In the go-go years before the financial crisis, banks were regularly rewarded for aggressively playing with their numbers. Banks that could show rising returns on equity saw their share prices soar. Banks that played it safer saw shares fall. Naturally, this pushed banks to become ever more aggressive about the way they accounted for their assets.
One of the nice things about the financial crisis was that investors started punishing companies that seemed to play games with their numbers. Think of all the heat David Einhorn was able to bring to bear on Lehman Brothers and chief financial office Erin Callan. This encouraged nearly everyone to 'fess up to losses.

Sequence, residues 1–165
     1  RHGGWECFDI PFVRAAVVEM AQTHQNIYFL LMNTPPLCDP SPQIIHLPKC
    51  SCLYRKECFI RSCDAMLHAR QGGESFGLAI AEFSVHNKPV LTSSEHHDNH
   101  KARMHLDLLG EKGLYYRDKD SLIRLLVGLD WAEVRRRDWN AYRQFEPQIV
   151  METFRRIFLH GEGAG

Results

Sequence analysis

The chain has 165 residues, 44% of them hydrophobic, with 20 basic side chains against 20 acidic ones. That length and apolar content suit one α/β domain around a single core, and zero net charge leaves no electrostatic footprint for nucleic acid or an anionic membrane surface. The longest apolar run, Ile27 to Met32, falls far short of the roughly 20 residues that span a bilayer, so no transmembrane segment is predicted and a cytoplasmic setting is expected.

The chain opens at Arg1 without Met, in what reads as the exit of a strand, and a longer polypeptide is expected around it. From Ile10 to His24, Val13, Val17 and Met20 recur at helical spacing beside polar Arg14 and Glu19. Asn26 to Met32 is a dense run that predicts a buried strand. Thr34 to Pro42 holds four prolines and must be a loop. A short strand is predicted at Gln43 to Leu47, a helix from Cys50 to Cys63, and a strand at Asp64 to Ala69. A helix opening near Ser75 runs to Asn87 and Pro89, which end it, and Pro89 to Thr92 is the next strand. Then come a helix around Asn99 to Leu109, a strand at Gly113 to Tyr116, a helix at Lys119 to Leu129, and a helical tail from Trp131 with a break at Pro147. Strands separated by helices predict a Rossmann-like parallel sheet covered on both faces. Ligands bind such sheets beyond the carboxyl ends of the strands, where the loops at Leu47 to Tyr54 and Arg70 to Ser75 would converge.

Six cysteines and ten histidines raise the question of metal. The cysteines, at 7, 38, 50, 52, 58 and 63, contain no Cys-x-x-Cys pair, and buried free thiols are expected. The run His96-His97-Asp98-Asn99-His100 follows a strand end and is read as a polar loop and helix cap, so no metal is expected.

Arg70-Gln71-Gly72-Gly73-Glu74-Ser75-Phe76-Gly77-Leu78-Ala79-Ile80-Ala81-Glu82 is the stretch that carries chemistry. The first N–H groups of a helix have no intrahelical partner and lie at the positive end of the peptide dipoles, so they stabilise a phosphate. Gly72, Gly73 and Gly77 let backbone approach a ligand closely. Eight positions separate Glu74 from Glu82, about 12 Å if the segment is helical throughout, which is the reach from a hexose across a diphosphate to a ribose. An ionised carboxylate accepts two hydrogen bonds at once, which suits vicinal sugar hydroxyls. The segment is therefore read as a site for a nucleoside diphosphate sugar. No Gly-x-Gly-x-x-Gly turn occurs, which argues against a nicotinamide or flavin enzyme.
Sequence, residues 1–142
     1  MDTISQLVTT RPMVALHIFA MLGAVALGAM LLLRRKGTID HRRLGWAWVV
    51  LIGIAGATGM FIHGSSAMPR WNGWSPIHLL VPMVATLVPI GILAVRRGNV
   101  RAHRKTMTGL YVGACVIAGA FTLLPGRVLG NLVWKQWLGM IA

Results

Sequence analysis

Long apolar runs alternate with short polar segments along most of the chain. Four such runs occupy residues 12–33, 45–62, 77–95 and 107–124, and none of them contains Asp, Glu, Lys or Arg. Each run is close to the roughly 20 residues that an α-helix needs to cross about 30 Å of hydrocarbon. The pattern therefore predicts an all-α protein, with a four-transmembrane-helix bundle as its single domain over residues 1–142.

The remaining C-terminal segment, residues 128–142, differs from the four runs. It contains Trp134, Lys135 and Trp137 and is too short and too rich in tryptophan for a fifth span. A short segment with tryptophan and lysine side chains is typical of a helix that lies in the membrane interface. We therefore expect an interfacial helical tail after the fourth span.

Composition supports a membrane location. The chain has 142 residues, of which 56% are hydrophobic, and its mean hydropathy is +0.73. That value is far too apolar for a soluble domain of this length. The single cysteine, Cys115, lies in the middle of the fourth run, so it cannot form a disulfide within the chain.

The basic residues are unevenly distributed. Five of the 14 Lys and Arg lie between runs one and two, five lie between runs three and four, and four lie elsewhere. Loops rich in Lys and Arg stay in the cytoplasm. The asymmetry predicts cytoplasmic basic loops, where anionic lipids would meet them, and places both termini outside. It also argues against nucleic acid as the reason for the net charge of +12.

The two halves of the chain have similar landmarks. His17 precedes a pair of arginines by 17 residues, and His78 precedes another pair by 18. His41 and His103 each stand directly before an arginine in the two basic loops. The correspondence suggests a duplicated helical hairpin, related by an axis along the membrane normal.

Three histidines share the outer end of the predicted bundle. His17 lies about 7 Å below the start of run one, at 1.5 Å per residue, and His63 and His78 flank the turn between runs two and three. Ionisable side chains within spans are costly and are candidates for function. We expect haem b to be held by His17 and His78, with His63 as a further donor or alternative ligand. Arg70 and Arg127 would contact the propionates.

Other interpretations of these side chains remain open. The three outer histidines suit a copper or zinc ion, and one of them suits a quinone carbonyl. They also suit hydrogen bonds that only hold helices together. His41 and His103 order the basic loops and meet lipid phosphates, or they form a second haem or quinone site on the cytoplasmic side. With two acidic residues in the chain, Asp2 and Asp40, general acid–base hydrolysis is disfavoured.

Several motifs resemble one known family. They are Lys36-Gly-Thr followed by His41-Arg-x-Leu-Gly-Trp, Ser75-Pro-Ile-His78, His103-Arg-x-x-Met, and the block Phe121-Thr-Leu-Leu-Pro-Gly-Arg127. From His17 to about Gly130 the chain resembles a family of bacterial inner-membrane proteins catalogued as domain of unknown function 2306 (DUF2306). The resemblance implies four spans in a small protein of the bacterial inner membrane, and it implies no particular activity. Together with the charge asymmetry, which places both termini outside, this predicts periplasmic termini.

Now it seems we're back to the bad old days.
On Thursday, Deutsche Bank announced that it had boosted its capital ratio—and immediately saw its stock soar.
What made the capital ratio boost so unusual, however, was that Deutsche Bank didn't do very much by way of the the real world things banks can do to boost their capital ratio.